Valentine by Carol Ann Duffy

Length: 843 words

Valentine by Carol Ann Duffy is an irregular poem with a direct tone. The language is very simple and gets straight to the point. The title suggests love as Valentines Day is a day to celebrate love on the 14th of February ‘Not a red rose or a satin heart, I give you an onion’, The reader is immediately taken back by the randomness and obscurity of this Valentine’s Day gift. An onion is a cooking ingredient, not at all something special or beautiful worth giving a lover as a special present. The first line is negative, this person’s lover will not receive a rose or a soft heart, they will get an onion.

There is a very big contrast here. The second line is very humorous, and not very romantic. An onion could represent a lot of things. An onion is very ordinary, a lot like a real relationship, with normal problems. The onion could symbolise that no relationship is red roses or satin hearts, but very run of the mill. I think that Carol Ann Duffy uses the onion to represent layers of love: ‘It is a moon wrapped in brown paper’ This line gives a disconcerting image, brown paper isn’t usually to do with love.

The moon is a symbol of love as it gives us images of romantic walks under the moonlight, this is very romantic. The second stanza shows the negative sides of love. The word ‘blind’ is very forceful making the reader feel slightly un easy. ‘It will’, this shows certainty. ‘Wobbling photo’, this gives an image of somebody looking in the mirror whilst crying, the tears in their eyes are making the reflection wobbly: ‘I am trying to be truthful. ‘ This line tells us that the speaker is telling it how it really is, and she is not exaggerating or lying, just being honest.

Not a cute card or a kissogram’, this line is used to get rid of all the cliches, so we aren’t talking about fake love, we are talking about real, ordinary love: ‘For as long as we are’ This sentence is used to show that not all relationships last forever, this line is very honest, it prepares us for the harsh reality. In the sixth stanza, Duffy uses the language of a wedding as she offers her onion gift: “I give you an onion” sounds like “I give you a ring”. She uses words like “faithful” and “for as long as we are” to refer to the length of time the relationship will last.

Duffy states that the taste and scent of an onion are like the passion of love. An onion is a good symbol for passion because its taste remains with you: “stay on your lips” An onion is not sweet like a “red rose” but it is savoury. Its taste lingers. When a relationship fails, bitter feelings remain so this is a good comparison with an onion. The taste of an onion remains on a persons lips but the memory of a kiss can stay with a person forever. ‘Take it’, is a very short sentence. It’s also an imperative; it’s a command, which makes us have no other option.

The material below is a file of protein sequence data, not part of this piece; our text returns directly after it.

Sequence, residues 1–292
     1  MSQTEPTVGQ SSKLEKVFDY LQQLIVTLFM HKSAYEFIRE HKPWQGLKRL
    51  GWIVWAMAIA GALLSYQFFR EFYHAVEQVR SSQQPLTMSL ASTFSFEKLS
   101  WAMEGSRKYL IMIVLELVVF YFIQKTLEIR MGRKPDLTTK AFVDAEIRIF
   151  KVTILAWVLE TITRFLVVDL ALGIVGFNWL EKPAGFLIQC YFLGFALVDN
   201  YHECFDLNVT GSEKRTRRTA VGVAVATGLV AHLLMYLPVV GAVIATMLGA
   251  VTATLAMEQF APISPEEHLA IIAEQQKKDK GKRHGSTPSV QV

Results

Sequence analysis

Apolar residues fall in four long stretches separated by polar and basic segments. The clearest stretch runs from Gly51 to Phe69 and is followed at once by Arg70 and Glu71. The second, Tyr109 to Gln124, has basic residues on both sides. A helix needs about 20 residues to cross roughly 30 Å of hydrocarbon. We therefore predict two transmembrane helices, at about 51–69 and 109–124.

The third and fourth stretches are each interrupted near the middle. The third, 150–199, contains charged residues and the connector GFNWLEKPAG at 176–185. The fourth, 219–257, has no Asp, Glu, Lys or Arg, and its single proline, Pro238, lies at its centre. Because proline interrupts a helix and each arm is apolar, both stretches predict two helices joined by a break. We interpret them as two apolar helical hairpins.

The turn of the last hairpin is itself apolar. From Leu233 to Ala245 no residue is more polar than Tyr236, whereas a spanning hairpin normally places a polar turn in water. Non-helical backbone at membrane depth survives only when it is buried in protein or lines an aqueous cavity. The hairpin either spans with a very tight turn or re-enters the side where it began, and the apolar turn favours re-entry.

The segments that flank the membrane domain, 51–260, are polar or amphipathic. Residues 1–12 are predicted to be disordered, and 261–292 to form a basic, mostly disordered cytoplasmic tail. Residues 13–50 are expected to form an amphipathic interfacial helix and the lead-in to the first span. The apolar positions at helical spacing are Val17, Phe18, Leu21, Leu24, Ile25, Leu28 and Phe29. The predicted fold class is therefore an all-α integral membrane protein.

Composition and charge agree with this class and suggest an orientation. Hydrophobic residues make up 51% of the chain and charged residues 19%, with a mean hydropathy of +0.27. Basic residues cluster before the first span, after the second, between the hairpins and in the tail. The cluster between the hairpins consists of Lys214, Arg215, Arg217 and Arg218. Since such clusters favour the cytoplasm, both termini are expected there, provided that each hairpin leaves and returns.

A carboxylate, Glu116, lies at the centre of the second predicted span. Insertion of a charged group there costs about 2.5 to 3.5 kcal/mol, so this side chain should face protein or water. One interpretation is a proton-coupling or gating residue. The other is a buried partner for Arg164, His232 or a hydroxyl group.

The speaker is obviously very assertive. The word ‘shrink’ is used in the next line, shrink is usually a negative word but here it’s used positively. I think the very last stanza is a message to the reader. The word lethal shows us that love is risky and dangerous; it’s never going to be all ‘lovey dovey’. ‘Its scent will cling to your fingers, cling to your knife’ This is showing that a dead relationship will always haunt you, it will always be in the back of your mind, you will never forget it. An onion has a sharp, distinctive taste and smell and once tasted, is never forgotten.

This is the same with a relationship that has ended; it could also refer to a passionate kiss. Knives are used to cut onions, and are capable of “causing” the wound that love makes-a broken heart. This stanza upsets your expectations of love. It stops you from thinking that there’s always a happy ending. It shows you that love can be perfect, but one unexpected day it will turn and leave a ‘scent’ on you. Maybe the writer wants the reader to feel that love can scar, it might not ever go away, just like Valentines Day.

I feel that Duffy manages to convey, what some would feel to be, a brutally honest opinion of love. Duffy uses images of conventional tokens of affection (e. g. a red rose, cute card, satin heart) ironically and contrasts this with an “onion” – a new unique symbol shows the honest representation of love. The poet compares the onion’s physical resemblance to a “moon” – another image which is associated with love and romance. Duffy tries to be “truthful”, admitting that love and the onion, will “blind you with tears like a lover” – “its fierce kiss will stay on your lips”.

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